# Lecture 29

## Recursion

MCS 260 Fall 2021
Emily Dumas

## Reminders

• Work on Project 3 ASAP. Do not delay!
• Project 3 autograder opens by Monday.
• Homework 10 posted; due Tuesday at 10am.
• ## OOP loose end: protocols

We implemented the sequence protocol last time. There are others.

Still more can be found in the collections.abc module, which contains classes you can subclass when implementing the protocols.

## Recursion

A function in Python can call itself. This can be useful, for example if the result of the function at one argument is easy to obtain from the result at another argument.

This technique is called recursion. A function which uses it is a recursive function.

## Factorial

The classic example of recursion (being easiest to understand) is the computation of factorials:

$n! = n \times (n-1) \times (n-2) \times \cdots 2 \times 1$

e.g. $5! = 5 \times 4 \times 3 \times 2 \times 1 = 120$

Critical observation: $n! = n \times (n-1)!$

## Recursive factorial

Let's build a function fact(n) that uses $n! = n \times (n-1)!$ as the basis of its operation.

## Call stack

Python keeps track of all the function calls that are underway in a stack. Items on the stack indicate where the call originated.

Calling a function pushes an item on the stack.

Returning pops an item form the stack.

There is a maximum allowed stack size. Exceeding it is a stack overflow.

## Computing fact(3)

If push is list.append and pop is list.pop:

call_stack == [
]


Note "top" of stack is the last element.

## Computing fact(3)

If push is list.append and pop is list.pop:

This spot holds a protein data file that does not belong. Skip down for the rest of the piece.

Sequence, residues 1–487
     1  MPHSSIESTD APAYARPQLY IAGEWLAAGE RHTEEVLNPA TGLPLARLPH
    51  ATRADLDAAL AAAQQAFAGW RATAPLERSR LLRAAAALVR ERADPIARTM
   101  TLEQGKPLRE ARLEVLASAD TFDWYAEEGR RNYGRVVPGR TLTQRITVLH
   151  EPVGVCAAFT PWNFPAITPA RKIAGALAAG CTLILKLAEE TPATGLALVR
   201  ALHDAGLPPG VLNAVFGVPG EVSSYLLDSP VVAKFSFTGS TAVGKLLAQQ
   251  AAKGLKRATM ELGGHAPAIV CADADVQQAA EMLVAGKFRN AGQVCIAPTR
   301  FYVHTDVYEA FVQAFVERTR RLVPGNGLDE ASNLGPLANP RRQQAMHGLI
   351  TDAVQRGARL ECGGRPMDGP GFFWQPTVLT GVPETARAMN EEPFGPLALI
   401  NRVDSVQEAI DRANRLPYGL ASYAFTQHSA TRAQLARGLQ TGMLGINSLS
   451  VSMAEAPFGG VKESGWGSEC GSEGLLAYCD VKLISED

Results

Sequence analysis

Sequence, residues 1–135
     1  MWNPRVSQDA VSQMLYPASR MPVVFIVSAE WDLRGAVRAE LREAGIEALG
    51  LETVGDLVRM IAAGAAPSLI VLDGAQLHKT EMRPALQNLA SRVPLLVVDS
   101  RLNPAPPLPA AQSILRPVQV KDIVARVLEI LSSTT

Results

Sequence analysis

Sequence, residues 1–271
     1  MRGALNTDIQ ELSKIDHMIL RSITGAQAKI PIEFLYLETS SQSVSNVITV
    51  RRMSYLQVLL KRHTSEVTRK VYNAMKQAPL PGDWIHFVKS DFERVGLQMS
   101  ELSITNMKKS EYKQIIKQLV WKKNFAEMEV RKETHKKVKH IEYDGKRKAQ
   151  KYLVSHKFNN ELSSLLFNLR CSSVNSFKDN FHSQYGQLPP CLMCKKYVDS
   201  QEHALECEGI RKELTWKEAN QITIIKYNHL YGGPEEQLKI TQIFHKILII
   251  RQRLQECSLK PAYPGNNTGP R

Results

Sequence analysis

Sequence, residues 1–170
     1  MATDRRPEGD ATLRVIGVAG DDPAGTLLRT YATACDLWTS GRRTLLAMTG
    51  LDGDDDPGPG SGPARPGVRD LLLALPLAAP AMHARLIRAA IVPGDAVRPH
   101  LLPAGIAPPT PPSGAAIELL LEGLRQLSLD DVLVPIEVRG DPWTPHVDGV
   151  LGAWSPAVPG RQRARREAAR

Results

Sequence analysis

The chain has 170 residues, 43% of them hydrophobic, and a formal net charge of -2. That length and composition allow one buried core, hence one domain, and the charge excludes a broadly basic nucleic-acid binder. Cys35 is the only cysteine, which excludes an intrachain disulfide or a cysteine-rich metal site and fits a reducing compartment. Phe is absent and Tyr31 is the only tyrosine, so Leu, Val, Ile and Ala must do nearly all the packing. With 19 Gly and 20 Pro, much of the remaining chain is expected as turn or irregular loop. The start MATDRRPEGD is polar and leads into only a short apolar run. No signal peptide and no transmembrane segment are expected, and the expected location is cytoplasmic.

call_stack == [
Called fact(3) on line 30
]


Note "top" of stack is the last element.

## Computing fact(3)

If push is list.append and pop is list.pop:

call_stack == [
Called fact(3) on line 30,
Called fact(2) on line 18
]


Note "top" of stack is the last element.

## Computing fact(3)

If push is list.append and pop is list.pop:

call_stack == [
Called fact(3) on line 30,
Called fact(2) on line 18,
Called fact(1) on line 18
]


Note "top" of stack is the last element.

## Computing fact(3)

If push is list.append and pop is list.pop:

call_stack == [
Called fact(3) on line 30,
Called fact(2) on line 18,
Called fact(1) on line 18 # returns 1
]


Note "top" of stack is the last element.

## Computing fact(3)

If push is list.append and pop is list.pop:

call_stack == [
Called fact(3) on line 30,
Called fact(2) on line 18
]


Note "top" of stack is the last element.

## Computing fact(3)

If push is list.append and pop is list.pop:

call_stack == [
Called fact(3) on line 30,
Called fact(2) on line 18 # returns 2
]


Note "top" of stack is the last element.

## Computing fact(3)

If push is list.append and pop is list.pop:

call_stack == [
Called fact(3) on line 30
]


Note "top" of stack is the last element.

## Computing fact(3)

If push is list.append and pop is list.pop:

call_stack == [
Called fact(3) on line 30 # returns 6
]


Note "top" of stack is the last element.

## Computing fact(3)

If push is list.append and pop is list.pop:

call_stack == [
]


Note "top" of stack is the last element.

## Recursive listdir

How can we make a function rlistdir(path) that will return a list of the contents of a directory and all of its subdirectories?

Python actually has multiple functions in the standard library that can do this, though we haven't discussed them. The point is to construct a solution using the things we've covered!

## Recursion pros and cons

Often can solve a problem with recursion or with loops (an iterative solution). Why use recursion?

Pros:

• Short code
• Clear code

Unclear:

• Speed

Cons:

• Uses more memory

### Acknowledgements

• Some of today's lecture was based on teaching materials developed for MCS 260 by Jan Verschelde.

### Revision history

• 2021-10-29 Initial publication